Your prototype might be ready for presenting to investors or licensees but it is worth nothing if you do not have a business model in place. How are you going to explain to anyone what your product does/intends to do and how it is going to add/create value for customers as well as the company?
You need a business model for that.
It is a term people frequently use but most of them don’t truly understand what it means. Michael Lewis, the author of The New, New Thing: A Silicon Valley Story, says that a business model is a “term of art”. Most people know it when they see it but cannot accurately describe it.
So, what exactly is a business model and what are its components?
Let’s find out.
- 1 What Is A Business Model?
- 2 Components of A Business Model
- 3 The Importance Of Business Model
- 4 The 30 Types Of Business Models
- 4.1 Manufacturer
- 4.2 Distributor
- 4.3 Retailer
- 4.4 Franchise
- 4.5 Brick-and-Mortar
- 4.6 ecommerce
- 4.7 Bricks-and-Clicks
- 4.8 Nickel-and-Dime
- 4.9 Freemium
- 4.10 Subscription
- 4.11 Aggregator
- 4.12 Online Marketplace
- 4.13 Advertisement
- 4.14 Data Licencing / Data Selling
- 4.15 Agency-Based
- 4.16 Affiliate Marketing
- 4.17 Dropshipping
- 4.18 Network Marketing
- 4.19 Crowdsourcing
- 4.20 Peer 2 Peer Catalyst/Platform
- 4.21 Blockchain
- 4.22 SAAS, IAAS, PAAS
- 4.23 High Touch
- 4.24 Low Touch
- 4.25 Auction-Based
- 4.26 Reverse-Auction-Based
- 4.27 Razor And Blades
- 4.28 Reverse Razor And Blades
- 4.29 On-Demand
- 4.30 User Community
- 5 Final Thoughts
- 6 The Startup Process
What Is A Business Model?
A business model is a conceptual structure that supports the viability of the business and explains how it operates, makes money, and how it intends to achieve its goals.
All the business processes and policies that a company adopts and follows are part of the business model.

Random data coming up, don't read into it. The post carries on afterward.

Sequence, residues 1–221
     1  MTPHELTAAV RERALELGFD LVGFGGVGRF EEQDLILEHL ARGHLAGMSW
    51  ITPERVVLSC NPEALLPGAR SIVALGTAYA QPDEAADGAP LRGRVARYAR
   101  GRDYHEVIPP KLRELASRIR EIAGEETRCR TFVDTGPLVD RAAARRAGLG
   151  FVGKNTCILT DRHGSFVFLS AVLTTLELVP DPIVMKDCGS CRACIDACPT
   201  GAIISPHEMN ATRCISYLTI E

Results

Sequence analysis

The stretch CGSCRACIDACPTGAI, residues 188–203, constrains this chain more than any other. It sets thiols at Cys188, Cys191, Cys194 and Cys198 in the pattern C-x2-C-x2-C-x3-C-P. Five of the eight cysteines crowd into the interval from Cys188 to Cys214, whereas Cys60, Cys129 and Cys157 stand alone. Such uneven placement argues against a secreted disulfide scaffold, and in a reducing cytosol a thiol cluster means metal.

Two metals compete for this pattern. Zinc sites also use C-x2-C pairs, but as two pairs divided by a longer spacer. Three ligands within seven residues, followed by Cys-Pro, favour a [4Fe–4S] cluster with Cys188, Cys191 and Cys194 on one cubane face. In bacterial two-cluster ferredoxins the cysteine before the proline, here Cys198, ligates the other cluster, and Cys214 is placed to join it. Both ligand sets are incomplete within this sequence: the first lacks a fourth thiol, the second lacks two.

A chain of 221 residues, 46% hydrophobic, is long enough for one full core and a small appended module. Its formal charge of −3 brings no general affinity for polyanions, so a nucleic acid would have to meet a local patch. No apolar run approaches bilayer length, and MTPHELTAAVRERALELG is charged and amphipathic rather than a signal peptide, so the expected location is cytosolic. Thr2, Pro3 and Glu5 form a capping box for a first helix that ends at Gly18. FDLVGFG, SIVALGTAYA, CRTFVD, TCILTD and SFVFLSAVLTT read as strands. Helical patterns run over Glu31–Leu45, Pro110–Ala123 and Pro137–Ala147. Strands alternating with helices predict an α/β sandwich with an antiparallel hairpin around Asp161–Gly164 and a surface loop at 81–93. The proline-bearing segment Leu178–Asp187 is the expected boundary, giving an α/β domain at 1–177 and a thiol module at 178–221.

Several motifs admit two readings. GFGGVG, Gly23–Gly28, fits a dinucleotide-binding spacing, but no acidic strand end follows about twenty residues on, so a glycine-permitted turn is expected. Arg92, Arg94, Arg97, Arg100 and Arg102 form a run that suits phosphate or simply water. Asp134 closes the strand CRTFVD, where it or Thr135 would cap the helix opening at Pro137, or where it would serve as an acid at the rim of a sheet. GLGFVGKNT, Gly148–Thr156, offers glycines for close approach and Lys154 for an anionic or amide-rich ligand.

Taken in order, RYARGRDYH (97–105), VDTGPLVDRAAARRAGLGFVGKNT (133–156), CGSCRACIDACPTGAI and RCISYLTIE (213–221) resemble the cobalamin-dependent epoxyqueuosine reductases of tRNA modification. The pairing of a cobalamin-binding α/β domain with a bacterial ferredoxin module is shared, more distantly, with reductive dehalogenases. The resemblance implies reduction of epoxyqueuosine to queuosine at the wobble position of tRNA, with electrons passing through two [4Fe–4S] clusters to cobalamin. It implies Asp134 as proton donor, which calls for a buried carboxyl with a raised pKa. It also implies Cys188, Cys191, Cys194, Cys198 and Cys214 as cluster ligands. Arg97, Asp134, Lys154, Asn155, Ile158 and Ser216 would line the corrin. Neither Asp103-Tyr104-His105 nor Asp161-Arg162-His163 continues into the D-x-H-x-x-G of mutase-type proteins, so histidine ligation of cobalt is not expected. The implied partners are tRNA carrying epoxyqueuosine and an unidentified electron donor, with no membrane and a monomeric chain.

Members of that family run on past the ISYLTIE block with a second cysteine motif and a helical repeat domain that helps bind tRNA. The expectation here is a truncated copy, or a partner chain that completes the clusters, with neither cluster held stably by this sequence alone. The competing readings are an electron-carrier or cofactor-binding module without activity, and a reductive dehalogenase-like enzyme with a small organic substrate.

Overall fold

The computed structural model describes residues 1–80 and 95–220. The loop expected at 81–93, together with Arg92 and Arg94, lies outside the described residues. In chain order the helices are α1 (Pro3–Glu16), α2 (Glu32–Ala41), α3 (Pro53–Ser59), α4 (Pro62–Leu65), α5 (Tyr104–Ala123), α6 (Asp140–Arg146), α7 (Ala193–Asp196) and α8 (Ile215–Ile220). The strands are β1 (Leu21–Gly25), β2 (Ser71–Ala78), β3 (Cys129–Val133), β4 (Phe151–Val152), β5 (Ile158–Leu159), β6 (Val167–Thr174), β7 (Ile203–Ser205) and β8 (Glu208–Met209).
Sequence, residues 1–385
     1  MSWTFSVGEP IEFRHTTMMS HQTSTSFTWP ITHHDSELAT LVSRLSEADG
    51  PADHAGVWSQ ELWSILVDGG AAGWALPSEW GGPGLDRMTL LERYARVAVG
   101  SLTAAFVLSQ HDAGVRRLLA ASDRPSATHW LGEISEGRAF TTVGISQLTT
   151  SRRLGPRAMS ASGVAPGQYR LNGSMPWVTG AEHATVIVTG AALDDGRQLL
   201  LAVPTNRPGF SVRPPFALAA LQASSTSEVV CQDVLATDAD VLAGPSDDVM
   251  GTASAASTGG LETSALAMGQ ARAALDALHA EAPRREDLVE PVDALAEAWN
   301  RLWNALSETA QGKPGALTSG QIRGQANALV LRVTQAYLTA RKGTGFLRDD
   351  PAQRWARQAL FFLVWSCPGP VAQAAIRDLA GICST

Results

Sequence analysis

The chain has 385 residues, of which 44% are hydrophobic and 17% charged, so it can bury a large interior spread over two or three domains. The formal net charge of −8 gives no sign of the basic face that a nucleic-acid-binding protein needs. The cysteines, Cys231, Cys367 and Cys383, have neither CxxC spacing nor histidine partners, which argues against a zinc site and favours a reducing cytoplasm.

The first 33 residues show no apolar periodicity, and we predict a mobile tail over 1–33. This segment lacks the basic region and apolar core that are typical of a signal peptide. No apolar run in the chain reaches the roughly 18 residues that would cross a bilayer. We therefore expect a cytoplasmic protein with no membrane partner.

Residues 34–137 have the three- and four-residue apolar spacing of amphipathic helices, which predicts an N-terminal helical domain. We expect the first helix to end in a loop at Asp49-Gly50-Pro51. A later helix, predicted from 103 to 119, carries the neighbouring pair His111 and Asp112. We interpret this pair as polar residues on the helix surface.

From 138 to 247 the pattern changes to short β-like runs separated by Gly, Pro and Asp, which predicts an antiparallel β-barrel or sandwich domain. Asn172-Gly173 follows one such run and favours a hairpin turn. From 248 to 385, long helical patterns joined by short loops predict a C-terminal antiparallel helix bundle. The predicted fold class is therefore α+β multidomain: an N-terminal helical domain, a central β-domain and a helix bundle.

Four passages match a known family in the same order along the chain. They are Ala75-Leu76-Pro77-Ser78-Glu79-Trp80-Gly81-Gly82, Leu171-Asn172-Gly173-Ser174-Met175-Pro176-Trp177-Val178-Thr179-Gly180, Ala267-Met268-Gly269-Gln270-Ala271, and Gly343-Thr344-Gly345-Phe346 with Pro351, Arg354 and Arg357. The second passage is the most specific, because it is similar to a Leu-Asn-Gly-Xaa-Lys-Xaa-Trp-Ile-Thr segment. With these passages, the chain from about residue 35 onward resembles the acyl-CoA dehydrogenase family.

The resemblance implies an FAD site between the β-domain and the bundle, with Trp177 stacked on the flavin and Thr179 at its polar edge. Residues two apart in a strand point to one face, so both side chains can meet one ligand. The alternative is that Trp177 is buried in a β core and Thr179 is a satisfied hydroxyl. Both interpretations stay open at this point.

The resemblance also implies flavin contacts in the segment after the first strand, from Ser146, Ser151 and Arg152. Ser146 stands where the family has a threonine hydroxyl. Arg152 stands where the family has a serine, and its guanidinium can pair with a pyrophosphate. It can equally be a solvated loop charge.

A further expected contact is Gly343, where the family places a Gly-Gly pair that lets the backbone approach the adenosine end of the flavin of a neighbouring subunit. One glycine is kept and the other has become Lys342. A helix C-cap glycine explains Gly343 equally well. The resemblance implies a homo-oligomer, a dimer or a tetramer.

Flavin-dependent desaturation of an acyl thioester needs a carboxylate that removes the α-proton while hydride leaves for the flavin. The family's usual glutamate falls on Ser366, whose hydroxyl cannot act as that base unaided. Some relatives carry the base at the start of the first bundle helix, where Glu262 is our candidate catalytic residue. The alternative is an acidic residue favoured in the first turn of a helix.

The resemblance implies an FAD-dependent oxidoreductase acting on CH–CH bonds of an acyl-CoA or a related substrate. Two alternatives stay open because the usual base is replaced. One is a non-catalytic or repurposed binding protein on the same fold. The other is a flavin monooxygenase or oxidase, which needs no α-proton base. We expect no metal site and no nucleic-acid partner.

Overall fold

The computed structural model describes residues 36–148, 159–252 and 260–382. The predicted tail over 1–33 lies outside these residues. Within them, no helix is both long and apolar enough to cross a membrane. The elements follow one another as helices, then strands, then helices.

According to management guru Peter Drucker:
A business model is supposed to answer who your customer is, what value you can create/add for the customer and how you can do that at reasonable costs.
Thus, a business model is a description of how a company creates, delivers, and captures value for the customer as well as itself.
Components of A Business Model
- What value does the business deliver to the customers?
- How does the business operate?
- How does the business make money?
What Value Does The Business Deliver To The Customers?
This is the most important component of a business model that answers several key customers and business’s value related questions. It is often usually presented using a value proposition canvas.
- Who is the customer?
- What are the jobs they want to be done?
- What are their pains in doing the job?
- What do they gain by doing the job?
Once these questions are answered, the business answers another set of questions that relates business to the customers:
- How does business get the job done?
- How does the business relieve the customer’s pain?
- How can the business help the customer get the gains?
How Does The Business Operate?
It’s the operating model of the business that elaborates on the:
- Key Activities: What all offerings does the business sell to the customers.
- Key Partners: Who all help the customers in delivering value to the customers.
- Key Resources: What all resources does the business use to develop and deliver its offerings.
- Key Channels: What channels does the business use to deliver its offerings to the customers.
- Customer Relationships: What type of relationships does the business maintain with its customers.
How Does The Business Make Money?
Making money is important for the business to sustain. This component of the business model focuses on elaborating on the financials and how the business makes money.
It’s called the revenue model of the business and has two components:
- The cost structure includes all the expenses that the business incurs in creating and delivering value to the customers.
- The revenue streams include all the primary and non-primary revenue streams that the business utilises.
The Importance Of Business Model
The business model acts as the blueprint of the business and a roadmap for its success (or failure). It is the only documentation that makes clear –
- The business concept – the market opportunity the business capitalises on.
- The target market the business caters to.